From the one-room shacks in Haiti's Central Plateau to the jhuggi clusters in and around Delhi, to the favelas in São Paulo and the township settlements in South Africa, the problem of housing-for-the-poor is truly global.
The $300 House Project, originally conceived by Vijay Govindarajan and Christian Sarkar, is an initiative to bring affordable housing to the worlds poorest: a plight facing roughly two billion people.
They started with five simple questions:
- How can organic, self-built slums be turned into livable housing?
- What might a house-for-the-poor look like?
- How can world-class engineering and design capabilities be utilized to solve the problem?
- What reverse-innovation lessons might be learned by the participants in such a project?
- How could the poor afford to buy this house?
The project has grown from these simple questions into a global forum of experts, innovators, entrepreneurs and advisers. One of the biggest challenges faced is harnessing the thoughts, insights and concepts offered by the growing global community of supporters.
Creating a viable prototype is the first of many challenges required to successfully bring a $300 house to market. There are a multitude of considerations, but in essence the challenge faced is straightforward:
Design a simple dwelling that can be constructed for under $300 which keeps its occupants safe from the weather, allows them to sleep at night, and gives them both a home and a sense of dignity.
Not only is the challenge one of extreme design efficiency, but also that of material choice and implementation. Numerous factors should be taken into account, amongst them: regionalism, sustainability, cost and replicability.
To be successful, innovators and entrepreneurs have to address the multitude of design challenges that have bedeviled previous attempts at affordable housing:
- Low-cost, the $300 figure being largely arbitrary but a useful means of anchoring expectations is based on studies that people who have escaped poverty live in shelters worth roughly $370. $300 is a reasonable, yet aggressive, price.
- Self-built or self-improvable, because that both lowers the cost and works to reduce the potential for corruption capturing donor aid.
- Low-tech, because we want the slum dwellers themselves to build or improve or expand their house, as this will generate income for them and reduce the risk of value capture by landlords and rent-seekers.
- Local materials, preferably those that can be found or bought very cheaply.
- Build greener, cheaper and encourage sustainable homes and communities.
- Replicable, since the slums are proliferating faster than any government's or formal sector's capacity to cope.
Unlike design challenges faced in the first world a smart solution doesnt necessarily mean an innovative product, but a solution that exercises humility and is firmly grounded in reality. The following video by Paul Polak illustrates 12 steps to consider when solving problems for a target market were seldom taught to cater to.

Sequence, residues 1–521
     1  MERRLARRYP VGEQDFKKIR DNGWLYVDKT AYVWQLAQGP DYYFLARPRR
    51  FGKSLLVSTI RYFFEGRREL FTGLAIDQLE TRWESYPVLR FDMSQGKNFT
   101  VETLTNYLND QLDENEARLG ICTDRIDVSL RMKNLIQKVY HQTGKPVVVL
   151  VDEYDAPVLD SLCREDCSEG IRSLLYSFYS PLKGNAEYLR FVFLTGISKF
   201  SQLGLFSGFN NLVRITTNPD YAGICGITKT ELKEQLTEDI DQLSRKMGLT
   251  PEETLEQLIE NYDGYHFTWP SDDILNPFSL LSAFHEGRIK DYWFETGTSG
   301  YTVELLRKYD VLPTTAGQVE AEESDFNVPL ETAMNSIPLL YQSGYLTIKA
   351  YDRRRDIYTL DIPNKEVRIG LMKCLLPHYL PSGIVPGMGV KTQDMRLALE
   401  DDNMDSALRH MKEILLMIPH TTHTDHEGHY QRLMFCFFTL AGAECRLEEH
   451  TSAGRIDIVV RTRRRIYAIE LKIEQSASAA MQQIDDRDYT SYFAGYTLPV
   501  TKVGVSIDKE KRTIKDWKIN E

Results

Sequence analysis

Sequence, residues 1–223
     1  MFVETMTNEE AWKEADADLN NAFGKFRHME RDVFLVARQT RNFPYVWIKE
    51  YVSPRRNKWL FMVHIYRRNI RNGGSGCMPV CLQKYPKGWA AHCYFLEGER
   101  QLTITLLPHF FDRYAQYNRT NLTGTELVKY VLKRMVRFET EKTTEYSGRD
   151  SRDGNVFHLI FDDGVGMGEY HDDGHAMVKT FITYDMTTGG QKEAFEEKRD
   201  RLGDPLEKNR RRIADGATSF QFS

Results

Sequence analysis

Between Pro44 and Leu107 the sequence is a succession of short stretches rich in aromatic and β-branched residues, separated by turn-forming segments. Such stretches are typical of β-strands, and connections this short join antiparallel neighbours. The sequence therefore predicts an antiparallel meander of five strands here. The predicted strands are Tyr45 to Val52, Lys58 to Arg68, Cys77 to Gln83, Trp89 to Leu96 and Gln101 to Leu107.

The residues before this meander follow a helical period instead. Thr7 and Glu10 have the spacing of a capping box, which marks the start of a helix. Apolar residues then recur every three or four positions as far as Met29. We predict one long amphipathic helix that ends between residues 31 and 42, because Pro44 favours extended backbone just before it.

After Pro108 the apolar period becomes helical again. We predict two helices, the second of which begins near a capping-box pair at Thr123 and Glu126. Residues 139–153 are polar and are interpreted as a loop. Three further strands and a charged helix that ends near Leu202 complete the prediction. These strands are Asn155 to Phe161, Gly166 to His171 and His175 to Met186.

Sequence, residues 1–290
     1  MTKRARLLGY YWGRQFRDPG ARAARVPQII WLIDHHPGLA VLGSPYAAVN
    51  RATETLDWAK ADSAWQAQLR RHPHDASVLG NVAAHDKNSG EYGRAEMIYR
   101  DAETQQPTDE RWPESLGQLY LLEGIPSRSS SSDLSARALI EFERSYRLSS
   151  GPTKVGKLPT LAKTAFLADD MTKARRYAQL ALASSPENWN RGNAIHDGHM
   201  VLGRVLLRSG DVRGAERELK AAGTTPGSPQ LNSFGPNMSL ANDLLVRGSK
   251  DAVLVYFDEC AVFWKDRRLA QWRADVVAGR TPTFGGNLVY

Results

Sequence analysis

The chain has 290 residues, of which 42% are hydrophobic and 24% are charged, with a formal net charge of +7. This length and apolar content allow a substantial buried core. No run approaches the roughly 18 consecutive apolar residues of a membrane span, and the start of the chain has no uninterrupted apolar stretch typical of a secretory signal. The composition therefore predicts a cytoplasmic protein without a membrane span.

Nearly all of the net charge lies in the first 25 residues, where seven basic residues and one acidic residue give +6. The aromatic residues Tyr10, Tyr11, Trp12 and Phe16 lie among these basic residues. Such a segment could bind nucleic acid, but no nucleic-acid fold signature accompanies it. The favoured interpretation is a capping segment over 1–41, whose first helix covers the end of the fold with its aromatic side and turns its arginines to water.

The following valuable insights were shared by Bill Gross:
- Give your customers options. One size fits all models for kit homes are not likely to succeed across multiple countries or even multiple cities or states within the same country. Successful designs need to be customizable, allowing families to use local materials and adapt the house to local cultural norms. It is also ideal to offer different features according to the needs of your specific customer.
- Choose the right materials. A number of materials are available on the market today, from bamboo to foam, to galvanized steel. Materials must be selected not only on the basis of cost, but on durability and compatibility with local aesthetic and functional norms. Can your product withstand extreme weather like floods and earthquakes? Is it vulnerable to termites, corrosion, or damage from everyday use?
- Make it both practical and sustainable. Growing families need the ability to modify, move, or add to their homes as time goes on. These practical needs can be met with ecological responsibility, and making homes out of recyclable, reusable materials should be mandatory.
Award and Workshop
Briefing Update on May, 23rd:
The goal of the this contest is to find identify 5 concepts and designs to be tested as full scale prototypes. The top 3 community winners and 2 jury nominations will be invited to a 2 week prototyping workshop. The specifics of the workshop are yet to be determined, updates following soon.
- Feasibility. Can the design easily be realised using existing technology and materials for under $300?
- Viability. What are the chances of the design meeting additional cultural and commercial hurdles faced in bringing it to market? Is there a business model or business plan presented along with the idea?
- Adoption. What is the probability for global adoption and retention?
- Impact. What is the anticipated impact to society and personal well being
- Sustainability. Is the design green and affordable?
Submissions can be made in the form of image and video files. jovoto is an open submission platform and encourages you to submit thinking throughout the design process, from your first napkin sketches all the way through to final rendered prototypes, for feedback and review.
Further research, ideas, inspiration and a whole lot more can be found on the $300 House site.
The dwelling should meet the following requirements:
- The house can be constructed for under $300.
- The structure should be no smaller than 2.2m X 2.2m
- Space to sleep and cook.
- Access to light.
- Access to drinking water.
- Access to electricity.
- Constructed with durable material that will resist the elements for 50+ years.
- Secure from animals and criminal elements.
- Resistant to fire, storms, earthquakes and other natural disasters.
- The house NEED NOT have sanitation. Sanitation in a $300 House village will be housed in a centralized communal facility.